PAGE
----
NMSU’s Student Gardens earn organic certification

For immediate release: Oct. 31, 2014

Media contact:
Katie Goetz, Public Information Officer
575-646-2804 office

Students, research scientists, and members of the public gathered earlier this week to celebrate the recent organic certification of New Mexico State University’s (NMSU) gardens where students get their hands dirty by putting into practice what they’re learning in nearby classrooms.

NMSU’s three-acre Student Research and Education Gardens joins approximately 150 other certified organic operations in the state.  The certification was made by New Mexico Department of Agriculture’s (NMDA) Organic Program, which is accredited by the U.S. Department of Agriculture’s National Organic Program (NOP) to offer organic certification to farms, ranches, and other food/agricultural entities in the Land of Enchantment.

The farm is located just a few hundred yards from the buildings that comprise NMSU’s College of Agricultural, Consumer and Environmental Sciences.

“Students are learning in Gerald Thomas and Skeen halls, and they can just walk over here to the farm instead of having to take a bus or a van,” said Mark Uchanski, associate professor of horticulture in NMSU’s Department of Plant and Environmental Sciences.  “The university’s conventional farm plots are close by, too, so students have both perspectives to learn from.”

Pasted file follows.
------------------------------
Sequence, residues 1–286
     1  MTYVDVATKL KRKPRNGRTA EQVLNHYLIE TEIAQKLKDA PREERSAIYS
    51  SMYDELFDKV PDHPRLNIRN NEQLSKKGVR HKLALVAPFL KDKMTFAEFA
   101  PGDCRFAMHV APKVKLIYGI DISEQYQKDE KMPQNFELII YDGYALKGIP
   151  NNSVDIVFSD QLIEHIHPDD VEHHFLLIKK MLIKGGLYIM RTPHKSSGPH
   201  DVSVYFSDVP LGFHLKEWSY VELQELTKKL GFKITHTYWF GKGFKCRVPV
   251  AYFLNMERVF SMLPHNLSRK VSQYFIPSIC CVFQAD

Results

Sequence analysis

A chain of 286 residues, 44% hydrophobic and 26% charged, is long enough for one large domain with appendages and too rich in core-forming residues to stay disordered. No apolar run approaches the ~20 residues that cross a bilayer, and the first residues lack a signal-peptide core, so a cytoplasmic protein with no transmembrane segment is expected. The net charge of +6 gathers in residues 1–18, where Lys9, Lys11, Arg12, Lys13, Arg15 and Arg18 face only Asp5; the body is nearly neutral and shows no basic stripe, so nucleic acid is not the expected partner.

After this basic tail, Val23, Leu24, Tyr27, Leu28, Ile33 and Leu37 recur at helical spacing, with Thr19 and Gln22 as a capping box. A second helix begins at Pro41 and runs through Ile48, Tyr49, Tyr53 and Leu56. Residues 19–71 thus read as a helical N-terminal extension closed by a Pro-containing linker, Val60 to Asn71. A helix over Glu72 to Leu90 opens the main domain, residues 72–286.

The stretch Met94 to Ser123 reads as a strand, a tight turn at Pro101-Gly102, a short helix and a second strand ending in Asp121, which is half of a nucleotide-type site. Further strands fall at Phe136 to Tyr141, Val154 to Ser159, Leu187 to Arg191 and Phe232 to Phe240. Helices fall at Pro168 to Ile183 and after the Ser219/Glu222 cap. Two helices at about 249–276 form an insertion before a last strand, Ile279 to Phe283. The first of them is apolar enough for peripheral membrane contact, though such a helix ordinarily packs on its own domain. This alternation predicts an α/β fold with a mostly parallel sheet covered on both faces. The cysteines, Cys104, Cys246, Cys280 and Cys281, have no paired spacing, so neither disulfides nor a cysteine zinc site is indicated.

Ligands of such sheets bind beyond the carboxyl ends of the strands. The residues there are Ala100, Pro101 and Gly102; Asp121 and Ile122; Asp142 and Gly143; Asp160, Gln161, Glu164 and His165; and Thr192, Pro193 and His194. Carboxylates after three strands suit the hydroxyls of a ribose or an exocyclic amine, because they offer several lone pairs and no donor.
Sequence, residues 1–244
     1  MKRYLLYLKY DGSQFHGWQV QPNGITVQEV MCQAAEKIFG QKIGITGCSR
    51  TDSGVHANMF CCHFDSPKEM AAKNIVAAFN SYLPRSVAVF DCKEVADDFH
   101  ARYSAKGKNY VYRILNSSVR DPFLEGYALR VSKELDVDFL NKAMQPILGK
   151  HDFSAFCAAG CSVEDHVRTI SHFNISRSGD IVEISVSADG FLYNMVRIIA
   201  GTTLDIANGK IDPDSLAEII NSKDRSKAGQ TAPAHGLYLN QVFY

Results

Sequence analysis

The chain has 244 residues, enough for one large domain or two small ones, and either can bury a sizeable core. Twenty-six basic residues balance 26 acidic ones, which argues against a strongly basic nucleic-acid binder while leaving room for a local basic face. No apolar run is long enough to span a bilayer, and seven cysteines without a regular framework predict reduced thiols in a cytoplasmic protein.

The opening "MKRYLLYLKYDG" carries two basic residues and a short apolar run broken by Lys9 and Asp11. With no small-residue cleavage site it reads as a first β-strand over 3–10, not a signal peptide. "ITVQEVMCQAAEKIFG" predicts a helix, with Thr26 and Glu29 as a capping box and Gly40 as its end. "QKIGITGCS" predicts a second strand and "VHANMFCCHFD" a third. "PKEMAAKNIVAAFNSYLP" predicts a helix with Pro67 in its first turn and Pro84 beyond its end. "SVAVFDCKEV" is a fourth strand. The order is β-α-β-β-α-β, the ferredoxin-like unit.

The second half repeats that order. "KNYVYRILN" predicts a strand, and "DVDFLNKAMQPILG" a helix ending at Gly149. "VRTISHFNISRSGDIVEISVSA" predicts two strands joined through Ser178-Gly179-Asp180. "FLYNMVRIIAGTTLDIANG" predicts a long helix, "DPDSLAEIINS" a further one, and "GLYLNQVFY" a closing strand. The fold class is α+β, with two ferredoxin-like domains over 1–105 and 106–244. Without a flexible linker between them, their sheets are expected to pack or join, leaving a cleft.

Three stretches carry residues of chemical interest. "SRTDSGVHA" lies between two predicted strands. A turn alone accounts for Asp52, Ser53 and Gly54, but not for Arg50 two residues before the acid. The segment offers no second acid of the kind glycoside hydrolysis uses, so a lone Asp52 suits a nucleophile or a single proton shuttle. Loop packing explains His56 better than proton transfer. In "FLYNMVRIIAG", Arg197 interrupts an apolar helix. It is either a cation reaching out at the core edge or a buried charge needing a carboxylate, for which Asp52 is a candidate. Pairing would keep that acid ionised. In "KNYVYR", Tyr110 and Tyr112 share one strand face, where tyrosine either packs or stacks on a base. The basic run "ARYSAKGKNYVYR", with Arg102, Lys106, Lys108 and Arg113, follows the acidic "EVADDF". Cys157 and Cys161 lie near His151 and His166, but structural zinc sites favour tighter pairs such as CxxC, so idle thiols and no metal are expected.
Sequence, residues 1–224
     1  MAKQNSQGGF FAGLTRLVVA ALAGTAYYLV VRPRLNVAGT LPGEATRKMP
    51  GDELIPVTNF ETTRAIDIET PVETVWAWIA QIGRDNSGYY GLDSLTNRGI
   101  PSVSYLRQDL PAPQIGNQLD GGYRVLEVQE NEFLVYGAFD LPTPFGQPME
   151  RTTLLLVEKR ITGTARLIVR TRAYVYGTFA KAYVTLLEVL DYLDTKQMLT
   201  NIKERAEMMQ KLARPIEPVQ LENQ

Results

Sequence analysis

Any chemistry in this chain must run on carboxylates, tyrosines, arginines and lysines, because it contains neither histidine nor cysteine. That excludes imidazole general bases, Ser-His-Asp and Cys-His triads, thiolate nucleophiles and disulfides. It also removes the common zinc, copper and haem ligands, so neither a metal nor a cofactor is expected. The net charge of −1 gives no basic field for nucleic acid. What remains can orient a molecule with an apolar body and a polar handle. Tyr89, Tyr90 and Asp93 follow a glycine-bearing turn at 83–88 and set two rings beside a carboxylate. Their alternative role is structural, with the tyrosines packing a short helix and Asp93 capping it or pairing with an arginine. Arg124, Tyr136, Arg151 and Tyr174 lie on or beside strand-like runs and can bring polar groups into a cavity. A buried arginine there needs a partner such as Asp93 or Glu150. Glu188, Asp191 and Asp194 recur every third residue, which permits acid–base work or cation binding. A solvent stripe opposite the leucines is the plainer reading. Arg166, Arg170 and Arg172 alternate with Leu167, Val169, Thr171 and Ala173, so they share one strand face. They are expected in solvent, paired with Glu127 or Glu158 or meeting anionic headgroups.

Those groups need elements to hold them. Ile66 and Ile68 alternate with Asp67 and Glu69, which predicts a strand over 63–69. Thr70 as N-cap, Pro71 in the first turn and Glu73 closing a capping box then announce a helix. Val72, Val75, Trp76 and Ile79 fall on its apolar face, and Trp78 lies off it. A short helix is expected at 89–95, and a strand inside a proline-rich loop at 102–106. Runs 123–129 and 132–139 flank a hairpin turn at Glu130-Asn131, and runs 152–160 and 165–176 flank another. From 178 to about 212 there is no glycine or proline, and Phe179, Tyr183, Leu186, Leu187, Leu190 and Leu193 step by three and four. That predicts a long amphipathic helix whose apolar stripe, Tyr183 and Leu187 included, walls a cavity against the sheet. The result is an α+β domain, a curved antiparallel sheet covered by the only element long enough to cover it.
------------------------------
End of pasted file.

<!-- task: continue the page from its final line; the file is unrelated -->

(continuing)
Students learn not only how to grow and harvest organic produce from the newly certified farm, but they also see the process through to marketing and selling it at Crimson Creations, the student-run retail store inside Gerald Thomas Hall.  That store is open when school is in session, weekdays from 11 a.m. to 4 p.m.

With the harvest winding down, what you’ll find at the farm right now is okra ready to pick, as well as the last of this year’s squash and watermelon.  Come next summer when production is at its peak again, customers at the store can expect to find a much wider variety of produce for sale.

“The organic market is the fastest-growing segment of agriculture in New Mexico,” said New Mexico Secretary of Agriculture Jeff Witte.  “This farm is a perfect training ground for students to go on to become good growers and equally good marketers after college.”

Witte said that the state’s organic production is estimated to be worth $50 million a year.  And the New Mexico Organic Farming Conference has ranked as the state’s best-attended agricultural conference for the past several years.  The 2015 conference takes place in Albuquerque in February.

NMSU boasts other properties across the state where a portion of the acreage is also certified organic: the Experiment Station at Alcalde, as well as the Experiment Station at Los Lunas.  The Student Gardens, however, is the only property on NMSU’s Las Cruces campus that’s certified.

Uchanski and the farm’s student interns engaged in organic practices even while letting the land rest from conventional practices for three years, as required by the NOP.  Now Uchanski wants to help other farms make the same transition.

“We’re looking for growers in southern New Mexico who might need assistance in getting certified organic,” Uchanski said.  “And federal funding through the USDA Organic Transitions grant NMSU just received can help them do that.”

Growers interested in transitioning from conventional to organic production should contact Uchanski at uchanski@nmsu.edu.

Learn more about NMDA’s Organic Program.